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Western Europe facing another surge in coronavirus cases

Specialists explain the growth in coronavirus cases by the spread of the delta strain that has now become the dominant strain in some countries

MOSCOW, July 15./TASS/. A surge in coronavirus cases is being seen in some Western European countries, according to data published by the World Health Organization.

Amid the worsening of the epidemiological situation, authorities are being forced to return the previously lifted restrictions and even impose compulsory vaccination for certain categories of the population. Meanwhile, in the eastern part of the region, COVID-19 infections are at a low.

TASS has analyzed the epidemiological situation across Europe and the measures taken to fight the pandemic.

Incidence rate

Specialists explain the growth in coronavirus cases by the spread of the delta strain that has now become the dominant strain in some countries.

The highest increase in coronavirus cases is currently seen in the UK. It reported 42,300 new coronavirus cases in the past 24 hours, which is the highest on record since January 15. The daily growth in infections has been over 30,000 in the country for the past seven days. Spain is also facing an outbreak of coronavirus, reporting 22,600 infections over the weekend. However, by the mid of this week, the numbers declined to 12,500. The Netherlands reported over 10,000 new coronavirus cases on Wednesday, almost as many as the peak figures of December 2020. Greece reported a daily growth of over 2,000 cases, as many as the peak numbers of April. Portugal is witnessing about 3,000 new coronavirus cases daily, as many as back in February.

France, which saw a decline in the number of infections in June, is now reporting about 5,500 new daily cases. The Czech Republic, which recorded fewer than 100 new cases a day, is now recording 250 daily cases.

In Germany, the figure for new infections hovers at less than 1,000 a day, Sweden reports about 400 daily new cases, while Switzerland - around 300. Poland, Bulgaria, Romania, Croatia, Hungary and Slovakia are stably reporting fewer than 100 or even fewer than 50 new cases a day.


The practice of using vaccination certificates for free access to shops, eateries and recreation facilities is widely practiced in European countries. Russian-and Chinese-made vaccines have not been approved in the European Union for now. Additionally, European countries are regularly reviewing lists of the foreign countries and the conditions on which their residents are granted entry.

In France, people won’t be able to go to restaurants, bars and shopping centers without health passes from August 1, and these passes will become compulsory for passengers of long-distance trains and planes. The health pass is either a certificate of full vaccination, a negative coronavirus test or a medical note certifying that the person has had the coronavirus infection. These passes can be either electronic or paper documents.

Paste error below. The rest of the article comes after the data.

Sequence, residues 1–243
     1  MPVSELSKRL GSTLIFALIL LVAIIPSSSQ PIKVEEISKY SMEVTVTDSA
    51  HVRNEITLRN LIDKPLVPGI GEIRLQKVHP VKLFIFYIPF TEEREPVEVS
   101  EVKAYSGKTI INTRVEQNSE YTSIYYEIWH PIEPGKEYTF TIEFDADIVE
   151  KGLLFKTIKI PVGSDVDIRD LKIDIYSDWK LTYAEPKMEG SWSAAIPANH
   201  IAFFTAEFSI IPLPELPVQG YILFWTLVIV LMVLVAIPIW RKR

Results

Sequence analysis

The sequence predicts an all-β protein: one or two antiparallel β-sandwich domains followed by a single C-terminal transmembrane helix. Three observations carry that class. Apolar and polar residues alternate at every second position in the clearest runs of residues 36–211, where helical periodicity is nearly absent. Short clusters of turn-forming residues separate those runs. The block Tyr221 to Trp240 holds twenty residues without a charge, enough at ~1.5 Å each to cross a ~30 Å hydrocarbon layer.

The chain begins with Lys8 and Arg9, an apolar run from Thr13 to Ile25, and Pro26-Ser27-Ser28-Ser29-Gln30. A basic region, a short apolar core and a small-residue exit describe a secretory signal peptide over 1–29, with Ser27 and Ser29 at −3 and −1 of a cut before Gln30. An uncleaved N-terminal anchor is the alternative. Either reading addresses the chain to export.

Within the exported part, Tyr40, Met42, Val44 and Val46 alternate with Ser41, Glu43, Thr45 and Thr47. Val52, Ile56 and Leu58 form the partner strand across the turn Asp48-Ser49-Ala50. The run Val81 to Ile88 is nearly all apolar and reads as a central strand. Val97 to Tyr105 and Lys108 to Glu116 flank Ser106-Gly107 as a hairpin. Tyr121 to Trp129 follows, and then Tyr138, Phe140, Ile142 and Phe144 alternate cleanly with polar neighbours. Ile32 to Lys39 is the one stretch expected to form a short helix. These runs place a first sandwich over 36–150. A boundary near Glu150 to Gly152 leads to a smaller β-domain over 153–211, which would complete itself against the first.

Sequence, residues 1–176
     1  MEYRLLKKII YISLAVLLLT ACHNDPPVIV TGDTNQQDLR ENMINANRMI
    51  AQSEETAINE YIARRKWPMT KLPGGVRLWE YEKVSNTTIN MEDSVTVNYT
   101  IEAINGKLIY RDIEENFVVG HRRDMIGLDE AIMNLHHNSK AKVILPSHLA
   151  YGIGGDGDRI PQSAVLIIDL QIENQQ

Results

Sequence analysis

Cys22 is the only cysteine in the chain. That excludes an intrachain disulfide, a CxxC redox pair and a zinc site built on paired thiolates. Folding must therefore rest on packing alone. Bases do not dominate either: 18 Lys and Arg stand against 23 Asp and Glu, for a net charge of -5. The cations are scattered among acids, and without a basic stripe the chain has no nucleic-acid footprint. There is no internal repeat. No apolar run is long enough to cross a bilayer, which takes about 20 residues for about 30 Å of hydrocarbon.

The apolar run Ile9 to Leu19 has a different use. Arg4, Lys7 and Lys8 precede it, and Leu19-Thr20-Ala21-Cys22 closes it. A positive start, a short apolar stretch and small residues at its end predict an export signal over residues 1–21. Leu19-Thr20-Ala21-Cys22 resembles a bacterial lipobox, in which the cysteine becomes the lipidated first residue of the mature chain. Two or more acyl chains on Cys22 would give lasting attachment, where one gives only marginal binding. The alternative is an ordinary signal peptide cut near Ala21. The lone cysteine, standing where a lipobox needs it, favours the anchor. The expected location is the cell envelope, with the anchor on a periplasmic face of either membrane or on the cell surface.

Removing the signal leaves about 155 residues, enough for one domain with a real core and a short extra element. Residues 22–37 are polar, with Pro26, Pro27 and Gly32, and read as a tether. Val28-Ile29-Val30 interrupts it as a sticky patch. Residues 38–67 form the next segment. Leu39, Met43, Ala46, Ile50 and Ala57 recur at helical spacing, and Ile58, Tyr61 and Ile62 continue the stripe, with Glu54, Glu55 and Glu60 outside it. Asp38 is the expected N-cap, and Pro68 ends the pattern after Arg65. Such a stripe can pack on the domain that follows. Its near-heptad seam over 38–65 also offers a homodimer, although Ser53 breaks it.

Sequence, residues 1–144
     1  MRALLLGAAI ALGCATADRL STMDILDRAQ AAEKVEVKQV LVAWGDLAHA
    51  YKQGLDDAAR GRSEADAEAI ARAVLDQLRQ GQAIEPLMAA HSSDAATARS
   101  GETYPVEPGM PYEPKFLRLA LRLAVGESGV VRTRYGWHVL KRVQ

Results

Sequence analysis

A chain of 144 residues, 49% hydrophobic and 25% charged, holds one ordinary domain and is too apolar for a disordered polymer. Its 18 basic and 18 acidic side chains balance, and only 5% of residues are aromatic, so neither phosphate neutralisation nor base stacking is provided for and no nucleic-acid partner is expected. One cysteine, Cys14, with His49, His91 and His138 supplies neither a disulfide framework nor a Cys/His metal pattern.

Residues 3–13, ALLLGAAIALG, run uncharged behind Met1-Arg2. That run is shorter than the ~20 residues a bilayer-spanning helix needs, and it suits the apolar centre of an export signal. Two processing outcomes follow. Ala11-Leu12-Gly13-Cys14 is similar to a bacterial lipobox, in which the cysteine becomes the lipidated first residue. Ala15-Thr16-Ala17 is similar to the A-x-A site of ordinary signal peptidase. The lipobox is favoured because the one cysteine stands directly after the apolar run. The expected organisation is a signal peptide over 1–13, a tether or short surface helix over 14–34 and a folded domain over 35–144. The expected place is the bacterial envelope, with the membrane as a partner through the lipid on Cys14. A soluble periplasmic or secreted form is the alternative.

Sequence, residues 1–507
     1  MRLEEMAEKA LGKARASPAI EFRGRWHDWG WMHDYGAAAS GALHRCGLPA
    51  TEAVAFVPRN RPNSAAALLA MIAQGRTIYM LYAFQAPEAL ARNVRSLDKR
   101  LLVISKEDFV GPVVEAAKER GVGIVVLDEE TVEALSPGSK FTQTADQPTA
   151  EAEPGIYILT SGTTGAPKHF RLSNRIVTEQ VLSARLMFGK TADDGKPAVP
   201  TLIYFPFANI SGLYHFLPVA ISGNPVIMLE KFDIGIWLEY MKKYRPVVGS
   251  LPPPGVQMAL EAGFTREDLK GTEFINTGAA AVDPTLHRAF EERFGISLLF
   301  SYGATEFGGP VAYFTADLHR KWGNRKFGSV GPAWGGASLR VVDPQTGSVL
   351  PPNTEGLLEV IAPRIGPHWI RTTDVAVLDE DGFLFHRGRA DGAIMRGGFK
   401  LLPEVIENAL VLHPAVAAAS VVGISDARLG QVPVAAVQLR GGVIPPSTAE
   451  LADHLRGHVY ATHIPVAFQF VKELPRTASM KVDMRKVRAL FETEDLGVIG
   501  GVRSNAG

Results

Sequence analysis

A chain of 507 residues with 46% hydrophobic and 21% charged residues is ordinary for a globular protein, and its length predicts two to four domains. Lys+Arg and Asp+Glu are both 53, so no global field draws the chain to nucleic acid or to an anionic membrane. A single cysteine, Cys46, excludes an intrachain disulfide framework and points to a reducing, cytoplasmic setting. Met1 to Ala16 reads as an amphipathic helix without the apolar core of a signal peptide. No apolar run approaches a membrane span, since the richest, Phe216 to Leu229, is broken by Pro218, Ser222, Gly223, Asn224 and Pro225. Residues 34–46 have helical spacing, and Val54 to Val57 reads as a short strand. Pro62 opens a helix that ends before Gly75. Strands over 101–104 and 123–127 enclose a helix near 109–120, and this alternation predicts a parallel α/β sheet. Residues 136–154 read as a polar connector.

The Netherlands has also announced the return of certain restrictions that will stay in place until at least August 13.

Additional restrictions have been imposed in Spanish Catalonia and Galicia. They include a ban on gathering in groups of more than ten people, restricted access to beaches and parks during the nighttime. In Cantabria, local authorities are considering a curfew.

In Portugal, some municipalities have reintroduced a curfew. Guests of hotels must produce either a vaccination certificate or a negative coronavirus test while checking in. Guests of indoor restaurants and cafes will also be let in during the weekend only if they can produce the certificate or a negative test.

In Greece, all indoor facilities, nightclubs and bars, theaters and movie theaters will be open only for those who have been vaccinated until the end of the summer.

Meanwhile, despite a surge in COVID-19 cases, authorities in the UK plan to cancel most of the remaining restrictions from July 19. Theaters, nightclubs and concert halls will resume activity in full, and there will be no caps on attending sports competitions. It will be up to employers to decide on remote work for their employees. Authorities plan to recommend the organizers of mass events to demand vaccination passports, negative coronavirus tests or an antibody status from attendees. Wearing of masks on public transport and social distancing becomes a recommendation rather than a legal requirement in most cases.


Some countries had to impose compulsory vaccination for certain categories of people. However, other European countries are steadfastly opposed to this.

French authorities have decided to enforce compulsory vaccination of medical personnel, workers at homes for the elderly and some other categories.

Greece has announced the start of compulsory vaccination for workers at care homes. From September 1, vaccination will become compulsory for workers of state and private medical establishments.

Serbian President Aleksandar Vucic has stated that he fully supports the idea of compulsory vaccination for certain categories of citizens, but this runs counter to the country’s constitution.

German Chancellor Angela Merkel spoke against compulsory vaccination for certain categories of German citizens. Poland, Croatia and some other European countries also support voluntary vaccination.